12 11 The Application of IFRS: Mining 8. Business combinations Growth by acquisition has been an increasing feature of the global mining industry in recent years. The drivers behind this activity include opportunities to consolidate market share and achieve synergies, for example through shared infrastructure (e.g., port and rail facilities). The level of business combination activity is affected by the availability of capital, and the ability of companies to service their existing debt. At a time of volatile commodity prices, some companies will look to consolidate their position through the divestment of non-key assets, creating opportunities for others. Some companies may be unable to fund their project requirements or meet cash calls from their joint venture partners, and may default on their debt re-payments, creating further opportunities for others, particularly those companies that are cash rich. Typical issues arising in accounting for a business combination that are more specific to mining acquisitions include the allocation of excess purchase consideration to mineral rights rather than to goodwill, in recognition of exploration potential. In the mining industry acquisitions can take a variety of forms, with three broad categories: acquisitions of businesses (business combinations); acquisitions of a collection of assets and liabilities; and transactions involving a joint venture. For the period covered by our survey, the relevant standard on business combinations was IFRS 3 (2004) Business Combinations. However, IFRS 3 (2008) Business Combinations applies to business combinations for which the acquisition date is in annual periods beginning on or after 1 July Although early adoption is permitted for annual periods beginning on or after 1 July 2007, none of the companies in our survey had applied the revised standard. The most common fair value adjustments were to property, plant and equipment, receivables, provisions and other liabilities, deferred tax balances, intangible assets and inventory. Goodwill was recognised in just over half of the business combinations reported in the latest financial year; the majority of companies disclosed the factors giving rise to goodwill.
13 The Application of IFRS: Mining Revenue The sales process differs significantly across the mining industry, typically depending on the commodity sold. The sales process includes establishing the terms of the sale, managing the logistics of delivery and receiving payment. Companies can sell their products directly to end users or for further processing to smelting or refining companies who in turn sell to the end users. The large diversified mining companies, however, often smelt or refine product arising from their existing mining activities. In addition, these facilities can be used to toll thirdparty material along with their own. For some commodities, prices are set by reference to a quoted market, whereas for others, prices are negotiated and agreed when contracts are concluded annually. For example, metallurgical coal and iron ore contractual prices generally are agreed annually. In the case of iron ore, provisional pricing is widely used whereby producers receive provisional payments from purchasers on delivery, ahead of the final settlement, while contracted prices are being negotiated. In contrast, metallurgical coal sales contracts generally specify the price for the year ahead. Take-or-pay contracts sometimes are used when purchasers are keen to secure the supply and in the event the full quantity is not required, the purchaser still is required to pay. Provisional pricing is also used for some commodities which have a quoted market, for example copper, lead, nickel, silver and zinc, whereby the contract allows for the customer to assay the goods to determine the mineral content. While all companies disclosed an accounting policy for revenue, a varying range of detail was provided. The majority of companies explained the timing of the transfer of risks and rewards of ownership. A majority of companies disclosed information about revenue that went beyond the strict disclosure requirements of IFRSs, either as part of the segment reporting or in a separate note.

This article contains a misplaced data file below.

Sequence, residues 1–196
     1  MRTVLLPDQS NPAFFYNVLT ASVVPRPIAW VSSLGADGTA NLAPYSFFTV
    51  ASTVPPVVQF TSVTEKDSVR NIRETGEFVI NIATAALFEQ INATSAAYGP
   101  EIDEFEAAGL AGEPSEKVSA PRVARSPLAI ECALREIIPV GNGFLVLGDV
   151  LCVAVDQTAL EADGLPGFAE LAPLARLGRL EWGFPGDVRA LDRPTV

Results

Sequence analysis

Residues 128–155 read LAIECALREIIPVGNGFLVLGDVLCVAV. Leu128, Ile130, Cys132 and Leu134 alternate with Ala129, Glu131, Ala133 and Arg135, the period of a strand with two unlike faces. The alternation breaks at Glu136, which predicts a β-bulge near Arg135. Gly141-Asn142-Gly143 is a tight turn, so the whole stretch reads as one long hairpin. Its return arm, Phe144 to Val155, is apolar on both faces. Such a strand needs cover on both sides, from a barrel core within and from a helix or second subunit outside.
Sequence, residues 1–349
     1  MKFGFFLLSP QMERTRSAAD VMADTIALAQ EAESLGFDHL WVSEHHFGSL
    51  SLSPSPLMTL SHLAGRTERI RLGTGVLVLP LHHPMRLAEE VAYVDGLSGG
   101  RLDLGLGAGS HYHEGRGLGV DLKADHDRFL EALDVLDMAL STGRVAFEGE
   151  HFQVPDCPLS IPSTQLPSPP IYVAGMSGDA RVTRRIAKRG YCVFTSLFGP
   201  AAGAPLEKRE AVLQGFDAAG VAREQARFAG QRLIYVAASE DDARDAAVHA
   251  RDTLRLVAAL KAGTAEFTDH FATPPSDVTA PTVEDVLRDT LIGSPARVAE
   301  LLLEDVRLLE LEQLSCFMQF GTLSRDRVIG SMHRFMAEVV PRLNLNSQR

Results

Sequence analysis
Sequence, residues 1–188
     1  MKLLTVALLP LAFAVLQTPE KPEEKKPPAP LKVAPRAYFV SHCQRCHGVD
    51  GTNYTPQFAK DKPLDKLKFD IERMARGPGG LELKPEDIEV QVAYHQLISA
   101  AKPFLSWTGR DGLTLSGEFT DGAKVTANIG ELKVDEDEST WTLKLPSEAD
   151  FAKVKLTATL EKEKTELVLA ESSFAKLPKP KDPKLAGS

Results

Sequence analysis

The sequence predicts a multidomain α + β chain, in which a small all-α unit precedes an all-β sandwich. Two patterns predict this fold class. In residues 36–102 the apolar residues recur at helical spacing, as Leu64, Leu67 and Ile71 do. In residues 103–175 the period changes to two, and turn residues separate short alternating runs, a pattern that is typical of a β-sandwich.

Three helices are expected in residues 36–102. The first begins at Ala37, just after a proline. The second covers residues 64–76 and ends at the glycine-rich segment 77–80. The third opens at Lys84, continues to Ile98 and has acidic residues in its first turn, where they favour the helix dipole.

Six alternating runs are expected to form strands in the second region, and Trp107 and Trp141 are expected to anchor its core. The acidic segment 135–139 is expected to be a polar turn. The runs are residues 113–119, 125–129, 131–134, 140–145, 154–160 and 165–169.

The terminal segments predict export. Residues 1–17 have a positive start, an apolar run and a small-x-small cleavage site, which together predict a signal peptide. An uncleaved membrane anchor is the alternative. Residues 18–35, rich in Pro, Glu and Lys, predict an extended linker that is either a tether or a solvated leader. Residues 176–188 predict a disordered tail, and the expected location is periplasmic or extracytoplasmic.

14 13 The Application of IFRS: Mining 10. Derivatives and commodity price risk Over the past 18 months commodity prices have been moving rapidly, both up and down, causing many companies to revisit their risk management strategies. And as a result of significant economic deterioration in many countries, companies are not the only organisations to be revisiting risk management; the regulatory and governmental agencies in many jurisdictions have also been active in re-evaluating practices and standard-setters such as the IASB have been active in reviewing requirements to encourage transparency in reporting. This section of our survey focuses mainly on commodity price risk, which is a key risk to the operations of mining companies; other exposures include foreign exchange risk, interest rate risk and energy price risk. Derivatives are used frequently within the industry to manage these risks and provide certainty over the future cash flows that will be received or paid for an existing or forecast transaction. Larger mining companies often have a trading division through which risks are managed and trading conducted. The factors that influence a mining company s hedging strategy include the nature of its selling arrangements, and whether products are sold on long-term contracts or on the spot market; the nature and diversity of products sold, and whether it is exposed to commodity price risk during the smelting process; the location of operations and currency of transactions; the arrangements in place for buying commodities for own use, e.g., freight requirements; management s views on forward energy pricing and the general economic outlook; the entity s structure of funding and whether it is exposed to floating or fixed interest rates; and the entity s risk appetite. These wide-ranging factors mean that hedging and risk management activities vary from company to company within the industry, not just in terms of the type of risk that companies seek to manage, but also in terms of the specific instruments that they use for the purpose of achieving those objectives. The diversity of hedging and risk management activities mining companies complete was reflected in significant differences in the level of detail provided by our survey group. Most companies appeared to have used derivatives in risk management activities. For companies that disclosed a sensitivity analysis in respect of commodity price risk, a value at risk analysis was not the preferred disclosure. All companies that disclosed a sensitivity analysis considered commodity prices to be a significant risk.